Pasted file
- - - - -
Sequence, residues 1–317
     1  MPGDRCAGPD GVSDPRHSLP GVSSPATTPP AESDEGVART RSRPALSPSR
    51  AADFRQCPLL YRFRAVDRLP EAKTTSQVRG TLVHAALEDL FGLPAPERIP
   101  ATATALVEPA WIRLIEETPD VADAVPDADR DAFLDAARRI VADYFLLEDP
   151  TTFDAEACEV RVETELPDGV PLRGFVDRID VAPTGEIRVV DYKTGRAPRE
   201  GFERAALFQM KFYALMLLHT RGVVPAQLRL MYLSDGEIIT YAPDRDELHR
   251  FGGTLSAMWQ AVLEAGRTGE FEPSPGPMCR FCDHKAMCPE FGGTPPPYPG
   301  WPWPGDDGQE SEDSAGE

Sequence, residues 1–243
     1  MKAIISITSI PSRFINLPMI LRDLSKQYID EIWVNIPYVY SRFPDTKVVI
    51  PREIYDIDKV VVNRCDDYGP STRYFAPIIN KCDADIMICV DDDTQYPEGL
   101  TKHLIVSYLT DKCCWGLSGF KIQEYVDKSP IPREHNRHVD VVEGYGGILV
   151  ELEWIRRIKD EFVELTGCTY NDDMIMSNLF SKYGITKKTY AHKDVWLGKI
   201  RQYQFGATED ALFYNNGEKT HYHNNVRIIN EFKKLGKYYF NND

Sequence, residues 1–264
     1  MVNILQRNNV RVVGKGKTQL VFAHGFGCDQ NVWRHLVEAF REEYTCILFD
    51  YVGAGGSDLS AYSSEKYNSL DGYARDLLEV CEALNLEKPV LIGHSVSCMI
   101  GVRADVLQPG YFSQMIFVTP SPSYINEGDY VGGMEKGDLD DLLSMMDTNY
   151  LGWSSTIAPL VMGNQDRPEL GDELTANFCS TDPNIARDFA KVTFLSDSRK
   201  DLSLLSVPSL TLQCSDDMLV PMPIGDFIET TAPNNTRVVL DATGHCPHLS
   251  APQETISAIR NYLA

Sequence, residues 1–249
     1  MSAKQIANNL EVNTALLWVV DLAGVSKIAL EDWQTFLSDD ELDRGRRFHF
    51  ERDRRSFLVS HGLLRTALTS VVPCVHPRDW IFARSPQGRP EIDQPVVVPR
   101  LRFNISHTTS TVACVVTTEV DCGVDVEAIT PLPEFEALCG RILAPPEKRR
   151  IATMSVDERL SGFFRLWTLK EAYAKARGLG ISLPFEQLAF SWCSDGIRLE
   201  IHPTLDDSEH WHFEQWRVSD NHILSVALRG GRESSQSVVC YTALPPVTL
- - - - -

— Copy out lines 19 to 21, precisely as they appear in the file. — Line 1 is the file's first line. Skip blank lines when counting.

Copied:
   151  LGWSSTIAPL VMGNQDRPEL GDELTANFCS TDPNIARDFA KVTFLSDSRK
   201  DLSLLSVPSL TLQCSDDMLV PMPIGDFIET TAPNNTRVVL DATGHCPHLS
   251  APQETISAIR NYLA